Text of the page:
Voluntary death – interdisciplinary approaches
- University of Lorraine, Nancy
- The Minerva Center for Interdisciplinary Studies of the End of Life at the Tel Aviv University
- The International Association for the Philosophy of Death and Dying
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Voluntary death – interdisciplinary approaches
The workshop aims to bring lectures and discussions in an interdisciplinary environment of researchers who focus on the questions of suicidality and voluntary death (from the point of view of philosophy, literature, law, sociology, psychology, healthcare and arts). Organized under the auspices of the International Association for the Philosophy of Death and Dying (IAPDD) and the School of Philosophy, Linguistics & Science Studies at the Tel Aviv University, Israel.
Co-organizers: Dr Anna C. Zielinska, philosopher at the University of Lorraine, France and Yael Lavi, PhD candidate at the Tel Aviv University
Location: Drachlis Hall, Gilman building (Humanities), room 496, Tel Aviv University
Date: 17-18 July 2019
Confirmed speakers and participants
- Michael Cholbi, Professor of Philosophy and Director, California Center for Ethics and Policy, California State Polytechnic University, Pomona.
- Andrew Bennett, Professor of English, University of Bristol & the author of: Suicide Century: Literature and Suicide from James Joyce to David Foster Wallace, Cambridge University Press, 2017.
- Tal Granit and Sharon Maymon, the creators of the film: “The Farewell Party” (Mita Tova)
- Michael Barilan, Professor at the Department of Medical Education, Sackler Faculty of Medicine, Tel Aviv University
- Shai Lavi, Professor of Law and Head of the Van Leer Jerusalem Institute. He is also the co-director of the Minerva Center for the Interdisciplinary Study of End of Life, Tel Aviv
Presentation of the project
Classically, voluntary death means suicide. Today, the vocabulary used to speak about end of life seems to slowly change, given the progressive paradigm shift in our conception of death. The notion of “voluntary death” includes now not only suicide, but also most forms of euthanasia. The process of modification of terms used to describe the end of life, as well as the social and demographical alterations of death makes us think that this question of privatisation of the end of life urgently needs a discussion lead by representatives of various disciplines.
Background discussion & questions
“Close to 800,000 people die due to suicide every year, which is one person every 40 seconds. [it] is the second leading cause of death among 15-29-year-old globally […] There are indications that for each adult who died of suicide there may have been more than 20 others attempting suicide.”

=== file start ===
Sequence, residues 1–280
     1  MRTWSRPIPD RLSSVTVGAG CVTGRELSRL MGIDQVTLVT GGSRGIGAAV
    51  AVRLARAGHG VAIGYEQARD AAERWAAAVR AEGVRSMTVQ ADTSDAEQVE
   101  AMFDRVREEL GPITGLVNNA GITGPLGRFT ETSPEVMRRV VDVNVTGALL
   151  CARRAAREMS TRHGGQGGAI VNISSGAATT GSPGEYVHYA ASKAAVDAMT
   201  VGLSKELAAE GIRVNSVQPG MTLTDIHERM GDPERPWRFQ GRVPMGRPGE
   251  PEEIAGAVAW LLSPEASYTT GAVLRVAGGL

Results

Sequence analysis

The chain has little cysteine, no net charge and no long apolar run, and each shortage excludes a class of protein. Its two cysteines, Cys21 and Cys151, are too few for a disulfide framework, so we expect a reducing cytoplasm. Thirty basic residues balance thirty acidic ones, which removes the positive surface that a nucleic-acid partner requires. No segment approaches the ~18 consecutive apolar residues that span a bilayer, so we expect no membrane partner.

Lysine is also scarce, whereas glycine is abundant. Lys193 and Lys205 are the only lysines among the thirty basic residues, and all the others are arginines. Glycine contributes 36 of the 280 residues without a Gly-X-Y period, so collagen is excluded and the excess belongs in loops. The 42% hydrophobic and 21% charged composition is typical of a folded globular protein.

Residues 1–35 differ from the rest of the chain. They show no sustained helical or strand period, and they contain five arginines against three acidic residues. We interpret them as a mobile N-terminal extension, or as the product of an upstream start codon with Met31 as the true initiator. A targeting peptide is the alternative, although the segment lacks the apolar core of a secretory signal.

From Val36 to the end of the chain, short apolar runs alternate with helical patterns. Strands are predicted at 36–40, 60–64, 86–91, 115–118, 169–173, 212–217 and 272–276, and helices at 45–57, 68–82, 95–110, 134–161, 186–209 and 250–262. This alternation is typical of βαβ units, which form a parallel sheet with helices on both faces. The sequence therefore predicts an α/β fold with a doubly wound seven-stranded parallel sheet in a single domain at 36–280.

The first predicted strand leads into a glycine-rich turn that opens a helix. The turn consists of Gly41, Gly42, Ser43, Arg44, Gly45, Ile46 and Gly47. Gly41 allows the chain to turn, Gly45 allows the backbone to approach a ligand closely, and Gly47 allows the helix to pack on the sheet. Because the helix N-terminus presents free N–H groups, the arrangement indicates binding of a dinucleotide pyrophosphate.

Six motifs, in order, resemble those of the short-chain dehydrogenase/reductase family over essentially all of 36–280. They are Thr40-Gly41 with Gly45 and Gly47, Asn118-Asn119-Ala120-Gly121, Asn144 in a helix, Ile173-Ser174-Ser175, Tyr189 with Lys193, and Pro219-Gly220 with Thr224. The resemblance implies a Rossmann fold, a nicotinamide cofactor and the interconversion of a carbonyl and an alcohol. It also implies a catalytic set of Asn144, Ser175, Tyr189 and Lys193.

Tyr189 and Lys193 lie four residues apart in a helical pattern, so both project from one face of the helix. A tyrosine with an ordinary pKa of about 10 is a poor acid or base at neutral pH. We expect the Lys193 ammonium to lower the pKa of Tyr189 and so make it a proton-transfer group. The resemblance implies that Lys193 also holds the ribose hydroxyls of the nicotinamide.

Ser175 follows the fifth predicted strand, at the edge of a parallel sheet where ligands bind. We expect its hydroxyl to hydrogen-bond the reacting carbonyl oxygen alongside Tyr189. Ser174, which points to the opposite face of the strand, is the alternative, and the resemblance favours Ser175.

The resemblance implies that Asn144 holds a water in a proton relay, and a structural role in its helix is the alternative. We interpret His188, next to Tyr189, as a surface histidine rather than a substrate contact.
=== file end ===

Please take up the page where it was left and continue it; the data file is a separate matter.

Statistically, it seems that suicide most often is a cry for help of a person who cannot handle a difficult life situation (maybe partly due to an initial fragility). This kind of suicide is targeted by various forms of suicide prevention, which presupposes a pathologization of this phenomenon. Yet it is also well known that suicide can be, and often is, an existential choice, presented as such by philosophers and by fiction writers. A new form of suicide, made “official” in several countries and under discussion in several others, is associated to the end of life decision, in the context of incurable illnesses and diseases. This new form raises fundamental questions, thus, there is an urgent need to propose a new way to talk about suicide, and this conference aims at preparing the ground for it.
We would like to invite submissions on the following topics
- Does the assisted suicide legitimately belong to the category of suicides which are “existential choices”, or are its roots are rather close to the first category quoted above, considered pathological? Or maybe those two major categories are not enough?
- How can we make a distinction between suicide as a pathological condition to suicide as an existential choice? Should this distinction be made and if so, why?
- Should we look for a better definition of voluntary death and suicidal ideation that will go beyond the neo-liberal account for end of life decisions? Should we think of a construction of broader narratives, which do not require notions of normality, property, autonomy or duty?
- In light of latest feminist critiques of bioethics (S. Sherwin, S. Wolf, R. Tong, and G. Lloyd, among others) which undermine certain implicit preconceptions in terms like autonomy and rationality, how can we address the main issues in the field of suicidality such as the deprivation debate? Or maybe the very question of this latter debate is ill stated?
- Is phenomenology of the suicidal experience possible? Or its singularity makes it irreducible to any abstraction or generalization?
- How can philosophical and scientific language deal with phenomena which resist neutral description?
- What kind of moral theory fits best the considerations of ethical dimensions of suicide? A theory promoting general principles, or rather a theory insisting on moral sensitivity and imagination?
- Can epistemology and philosophy of mind contribute to a better understanding of the suicidal mind?
- Can we offer an alternative philosophical approach that not only explains and clarifies, but also expands the boundaries of language, shaping and changing the ethical reality itself?
July 13, 2019, 9:00am +02:00
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No one has said they will attend yet.
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#suicide, #death, #euthanasia